Thursday, October 23, 2008

Somethin' New

Ask me about being provided for, that's a good story I'd love to tell you in person.

Anyway. My advanced short story class (oh that's right— advanced) recently went through our first batch of short stories, of which mine was included. It was a startling process, especially after having spent so much time recently in my Writing Center training course. Allow me to explain. In Writing Center theory, the idea is (and this is a gross simplification) that the tutor is an equal, they and the writer sit side-by-side, the tutor asking questions to help the writer become better at their skill. Theoretically, both people bring something to the table, and both should leave with something more, even if it's just a warm fuzzy feeling. I give those out like candy.

Now when you get critiqued in a short story class, everyone in the class reads the work and you all sit in a circle. If your story is read, then you remain completely silent while everyone in the circle talks about what they liked or didn't like in your story. Sometimes someone will come in with discussion questions about your story.

Such was the case last Tuesday. I had spent four weeks reading and writing and practicing writing center theory, and then Tuesday came and I had to sit silent while a group of people that I do not know too well picked apart the themes of my story. Now hold on, there's value to that. You can't always be there to explain things to your readers. You can't always be around to say what you really meant or point out where they just "didn't get it." It's often very cool to hear people talk out your work, and how they got things out of it that you didn't mean to put in. I appreciate it.

But the flop side is this: with a community of student writers, none of which who are paid professionals enjoying a creative lifestyle, we all tend to fall into the trap of reading work and saying to ourselves, "their story isn't a s good as mine because..."

I think that there should be a new model. I think that some of the best writing is accomplished by two friends that want to see each other succeed, but who are honest with each other. Now obviously, the University can't force friends out of people and pair them up to make them better writers. You can't be assigned a muse or inspiration. But if you ask me, it can be encouraged much more than it is now. Writers, I encourage you: find someone who writes that you trust and want to see succeed. Help them be the best writer they can be, and hope they return the favor. I'll be looking for mine, I hope you're looking for yours.

Friday, October 17, 2008

Here are more things

Hey guys. I have a couple more of things to show you. I'm a little nervous about it, but oh well! Enjoy, if you wish. Again, click for a better view. This one above is actually my favorite

Thursday, October 2, 2008


So when I was a kid, I thought that the term "separation of church and state" meant that the government hated my church and did not like me singing in the choir. As I got older, I thought it was all about just keeping prayer out of schools, which sounds like bullying to us Jesus lovers if you live in suburban Colorado.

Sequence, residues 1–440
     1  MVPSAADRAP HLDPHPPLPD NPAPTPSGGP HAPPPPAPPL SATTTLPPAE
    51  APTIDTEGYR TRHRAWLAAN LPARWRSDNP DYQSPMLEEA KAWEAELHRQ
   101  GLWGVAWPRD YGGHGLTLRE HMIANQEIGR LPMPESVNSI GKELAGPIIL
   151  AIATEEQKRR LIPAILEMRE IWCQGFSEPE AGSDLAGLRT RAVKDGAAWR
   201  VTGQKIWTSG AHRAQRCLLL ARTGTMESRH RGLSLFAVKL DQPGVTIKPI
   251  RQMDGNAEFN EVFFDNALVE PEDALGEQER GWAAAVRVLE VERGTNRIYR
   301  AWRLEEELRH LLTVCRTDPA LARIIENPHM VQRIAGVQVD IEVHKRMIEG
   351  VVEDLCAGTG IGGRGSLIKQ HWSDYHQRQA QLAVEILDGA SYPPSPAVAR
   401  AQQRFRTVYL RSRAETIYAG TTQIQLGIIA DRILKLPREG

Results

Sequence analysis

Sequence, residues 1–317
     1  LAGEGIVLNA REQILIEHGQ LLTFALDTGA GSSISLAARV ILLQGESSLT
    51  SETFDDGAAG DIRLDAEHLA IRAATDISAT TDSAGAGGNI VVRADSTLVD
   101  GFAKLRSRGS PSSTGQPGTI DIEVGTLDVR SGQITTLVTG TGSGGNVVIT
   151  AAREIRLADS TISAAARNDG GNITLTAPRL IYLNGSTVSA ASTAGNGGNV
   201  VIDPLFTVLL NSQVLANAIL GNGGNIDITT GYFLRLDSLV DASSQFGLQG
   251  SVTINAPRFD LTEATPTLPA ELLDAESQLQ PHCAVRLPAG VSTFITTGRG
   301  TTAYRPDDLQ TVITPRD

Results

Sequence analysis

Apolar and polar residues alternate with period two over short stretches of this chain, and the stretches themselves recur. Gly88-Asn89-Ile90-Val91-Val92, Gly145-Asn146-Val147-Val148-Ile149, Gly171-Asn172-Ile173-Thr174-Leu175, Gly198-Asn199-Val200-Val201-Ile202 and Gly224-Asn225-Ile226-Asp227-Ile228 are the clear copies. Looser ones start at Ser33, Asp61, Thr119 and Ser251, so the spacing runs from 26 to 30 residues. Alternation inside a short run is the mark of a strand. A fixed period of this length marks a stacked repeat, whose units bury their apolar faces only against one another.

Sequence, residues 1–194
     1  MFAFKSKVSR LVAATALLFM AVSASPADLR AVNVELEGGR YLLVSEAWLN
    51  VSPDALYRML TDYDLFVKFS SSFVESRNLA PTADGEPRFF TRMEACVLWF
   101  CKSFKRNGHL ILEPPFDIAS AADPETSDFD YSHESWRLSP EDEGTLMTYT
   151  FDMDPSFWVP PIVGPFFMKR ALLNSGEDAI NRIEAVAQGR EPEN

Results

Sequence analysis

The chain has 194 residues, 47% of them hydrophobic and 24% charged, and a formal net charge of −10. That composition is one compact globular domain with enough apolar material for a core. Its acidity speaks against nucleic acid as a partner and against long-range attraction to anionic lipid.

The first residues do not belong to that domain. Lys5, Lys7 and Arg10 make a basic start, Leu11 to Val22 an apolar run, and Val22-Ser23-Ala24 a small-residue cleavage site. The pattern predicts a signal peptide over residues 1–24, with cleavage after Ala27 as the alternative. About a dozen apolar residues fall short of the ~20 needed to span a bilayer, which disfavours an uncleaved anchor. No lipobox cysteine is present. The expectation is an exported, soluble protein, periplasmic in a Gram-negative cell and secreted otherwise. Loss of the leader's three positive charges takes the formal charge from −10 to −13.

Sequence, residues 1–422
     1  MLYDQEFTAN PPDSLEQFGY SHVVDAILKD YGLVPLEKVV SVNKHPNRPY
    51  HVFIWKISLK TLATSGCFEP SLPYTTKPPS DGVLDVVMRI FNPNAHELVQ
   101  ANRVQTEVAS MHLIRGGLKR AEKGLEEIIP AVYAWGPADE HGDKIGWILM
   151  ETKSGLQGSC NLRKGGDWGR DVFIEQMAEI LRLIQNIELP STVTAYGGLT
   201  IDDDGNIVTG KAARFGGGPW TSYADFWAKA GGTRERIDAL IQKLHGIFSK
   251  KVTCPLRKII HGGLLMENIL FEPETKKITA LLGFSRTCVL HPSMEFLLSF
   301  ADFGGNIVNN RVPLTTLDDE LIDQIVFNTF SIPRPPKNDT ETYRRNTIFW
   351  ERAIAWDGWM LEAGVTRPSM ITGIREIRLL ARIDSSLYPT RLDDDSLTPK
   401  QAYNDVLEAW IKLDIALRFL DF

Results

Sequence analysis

My mother helped me see it differently. Church is not just Christianity, and thinking so is a bit ignorant of me.

Looking at this current political season, I am caused to mull over my thinking of the topic again, and perhaps encourage others to think about it. Sarah Palin made a comment in tonight's debate that to many people, myself included, would find gentle and kind, but when said in the political environment, it felt... awkward. Governor Palin said to Senator Biden that his wife's treasure was in heaven for teaching for thirty years. Said personally over lunch, in a church, or in someone's home, a lovely comment, but out in the open during a debate, I had to think: does Christ want in our politics? Let's keep this brief, I could go on all day.

We should keep the church and the state seperate. I will tell you why I think this way. There is the very simple, clean view of states run by religion have a history of performing terribly. There, easy answer. Here's another: the government belongs to man. It is in place by man and rules over man. Our accountability to God is between us and God. We have governments to prevent total anrachy, and to prevent folks from murdering each other over fender-benders (I generalize). We do not have governments to make sure that my relationship with God is tip-top. We do not have laws making sure that I'm praying before lunch. We do not have laws that make sure I'm not lying and being an all-around jerk. That's my relationship with God, not my relationship with my government, my morality is a tough thing to ink into broad laws for everyone.

And here's the kicker: Christ said, "Give to Ceaser what is Ceaser's, and to God what is God's." So yeah, respect your government, but remember who you have the most important relationship with. The final note: if Jesus wanted to be the political and literal King (or president), he would have came and done so. But you know what? He came as a back-woods lecturer and teacher who just happened to be God as well. I don't think he wants to be voted into office.